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Wonder Woman 1984 may stream on HBO Max sooner than you think

The DC superhero movie is being considered for a Mulan-like release on HBO Max. But when?

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Warner Bros. Pictures

The pandemic has forced Hollywood to rethink the entire movie business. 2020 saw Disney experiment with "Premier Access," allowing subscribers of Disney+ to pay an additional $30 to stream Mulan from the comfort of home. If you ask Disney — which investors did this week in the company's Q4 earnings call — the experiment was successful. And now, other studios may be planning something similar.

In the case of Warner Bros., that "something similar" is bringing Wonder Woman 1984 to HBO Max.

What Happened? — On November 12, Bloomberg published a report that WarnerMedia is optioning an HBO Max premiere of Wonder Woman 1984 "shortly after" the movie's theatrical release on Christmas Day, December 25. The article reports that could be as soon as "just a week or two" after Christmas.

Other outlets like Variety and Deadline also reported similar stories, each countering Bloomberg. Variety reports that a January 2021 premiere date is possible, while Deadline says studio executives have "kicked around the idea of a simultaneous theatrical and HBO Max release."

Everything about Wonder Woman 1984 is spurred by a second lockdown taking place in the UK and a possible second lockdown coming to the U.S., where individual states are still managing their own restrictions. With the long-delayed Wonder Woman 1984, a sequel to 2017's Wonder Woman that grossed over $800 million three years ago, WarnerMedia is weighing all options to finally get the movie out to a paying public.

Three years ago, 2017's 'Wonder Woman' broke box office records. Would its sequel, 'Wonder Woman 1984' have done the same?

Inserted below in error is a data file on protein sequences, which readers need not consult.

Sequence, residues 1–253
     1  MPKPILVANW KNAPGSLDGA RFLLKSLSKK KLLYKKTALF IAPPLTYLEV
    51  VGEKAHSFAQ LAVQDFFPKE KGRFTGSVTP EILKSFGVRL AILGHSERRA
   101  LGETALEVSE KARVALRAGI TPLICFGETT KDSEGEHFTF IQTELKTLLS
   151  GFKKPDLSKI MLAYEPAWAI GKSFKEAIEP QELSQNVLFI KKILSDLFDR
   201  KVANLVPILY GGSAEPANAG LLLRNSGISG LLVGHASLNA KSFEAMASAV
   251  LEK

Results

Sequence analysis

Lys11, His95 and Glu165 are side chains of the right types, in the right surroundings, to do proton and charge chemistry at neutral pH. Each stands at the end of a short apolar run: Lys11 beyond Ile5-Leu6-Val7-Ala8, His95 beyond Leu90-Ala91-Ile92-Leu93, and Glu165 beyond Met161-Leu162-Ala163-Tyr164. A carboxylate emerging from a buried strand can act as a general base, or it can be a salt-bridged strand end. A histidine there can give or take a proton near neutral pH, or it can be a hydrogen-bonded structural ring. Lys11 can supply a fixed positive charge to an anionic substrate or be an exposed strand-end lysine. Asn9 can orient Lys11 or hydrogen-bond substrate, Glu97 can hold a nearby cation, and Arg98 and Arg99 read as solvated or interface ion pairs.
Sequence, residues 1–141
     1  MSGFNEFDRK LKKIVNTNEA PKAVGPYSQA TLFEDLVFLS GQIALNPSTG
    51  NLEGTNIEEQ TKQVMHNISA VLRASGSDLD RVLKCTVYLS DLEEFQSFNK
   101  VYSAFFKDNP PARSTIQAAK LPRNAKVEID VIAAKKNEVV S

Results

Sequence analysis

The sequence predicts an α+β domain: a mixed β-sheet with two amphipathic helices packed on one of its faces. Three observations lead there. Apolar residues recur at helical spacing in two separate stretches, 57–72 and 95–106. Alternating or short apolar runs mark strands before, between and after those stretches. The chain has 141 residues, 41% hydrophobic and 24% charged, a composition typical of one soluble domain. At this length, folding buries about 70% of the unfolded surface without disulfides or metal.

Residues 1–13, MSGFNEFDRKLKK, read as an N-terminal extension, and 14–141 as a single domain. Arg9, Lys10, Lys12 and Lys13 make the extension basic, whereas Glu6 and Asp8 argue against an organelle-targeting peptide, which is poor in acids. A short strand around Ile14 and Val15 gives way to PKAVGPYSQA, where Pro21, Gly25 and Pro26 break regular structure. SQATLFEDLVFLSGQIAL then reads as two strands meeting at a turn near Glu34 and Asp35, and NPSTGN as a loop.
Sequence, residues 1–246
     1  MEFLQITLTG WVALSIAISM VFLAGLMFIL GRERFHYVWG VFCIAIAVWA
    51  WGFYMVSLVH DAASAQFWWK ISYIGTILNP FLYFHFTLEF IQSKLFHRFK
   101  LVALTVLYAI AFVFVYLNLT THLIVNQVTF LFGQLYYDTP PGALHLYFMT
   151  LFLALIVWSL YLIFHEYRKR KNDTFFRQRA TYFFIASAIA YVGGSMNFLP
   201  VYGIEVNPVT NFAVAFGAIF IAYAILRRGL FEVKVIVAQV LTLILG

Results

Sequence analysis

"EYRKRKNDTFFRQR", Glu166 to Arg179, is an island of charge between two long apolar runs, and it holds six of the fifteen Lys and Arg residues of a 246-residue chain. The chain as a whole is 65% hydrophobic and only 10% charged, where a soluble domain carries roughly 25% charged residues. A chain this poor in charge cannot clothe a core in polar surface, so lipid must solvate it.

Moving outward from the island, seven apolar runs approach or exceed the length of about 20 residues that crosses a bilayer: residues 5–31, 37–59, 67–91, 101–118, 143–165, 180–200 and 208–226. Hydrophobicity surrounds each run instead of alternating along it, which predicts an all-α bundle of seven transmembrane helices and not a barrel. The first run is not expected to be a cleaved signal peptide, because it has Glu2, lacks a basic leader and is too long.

Warner Bros. Pictures

Let's Get Down to Business — A precedent for WarnerMedia comes courtesy of rival Disney. In August, Disney announced that Mulan, a lavish remake of its 1998 animated musical, would no longer be a theatrical release film but a "Premier Access" title. For a fee, existing subscribers to Disney+ can watch Mulan and "keep" their purchase. Other Disney+ subscribers will get to watch Mulan for "free" starting December 4.

Disney has kept quiet about how much money it made from Mulan. But on November 12, the company held its Q4 earnings call with investors, where CEO Bob Chapek spoke positively of the Premier Access release of Mulan.

“We’ve got something here in terms of the Premier Access strategy,” Chapek said. “What we’ve learned with Mulan is there’s going to be a role for it strategically within our portfolio of offerings." The CEO hyped up an upcoming December 10 investor conference, where the studio is likely to announce another Premier Access release.

'Mulan,' a remake of the 1998 Disney animated musical, was released on Disney+ as a "Premier Access" title.


Mulan wasn't the only 2020 movie to be released in ways that would have been unusual pre-pandemic; summer flicks like Bill & Ted Face the Music were released simultaneously, on Digital HD and theatrical. But Mulan is a key example of similar multi-million blockbusters (like Wonder Woman 1984) that depend on high box office revenue to recoup investment. While Disney was willing to experiment with Mulan, it isn't taking that same risk with Marvel movies like Black Widow and Eternals.

WarnerMedia also took a hit this year with Tenet, the sci-fi thriller from Christopher Nolan. The anticipated movie stuck to a theatrical release during the pandemic, and consequently suffered an "underwhelming" performance that AT&T's John Stankey admitted to in an October investors call. Post-Tenet, it seems WarnerMedia learned from defeat and is willing to try something along the lines of Disney's Premier Access release for Wonder Woman 1984, a film that probably would have been one of its biggest hits of the year.

Gal Gadot, in 'Wonder Woman 1984.'

Warner Bros. Pictures

The Inverse Analysis — Any release for Wonder Woman 1984 that avoids theaters would be a good one for WarnerMedia. Just this week, a whopping 153,000 new cases of the novel coronavirus were reported in the United States on a single day (November 12). As people head into the Thanksgiving and Christmas holidays, it's more than possible for cases to spike even higher.

Movies are awesome and provide an emotional escape when the world gets tough. Superhero movies are perfect for such times, but not at the risk of more people. Whatever WarnerMedia decides to do with Wonder Woman 1984, one can only hope the studio takes a page out of the comic book stories it makes billions of dollars from: encourage people to be heroes and stay home.

Wonder Woman 1984 is scheduled to be released in theaters on Christmas Day.

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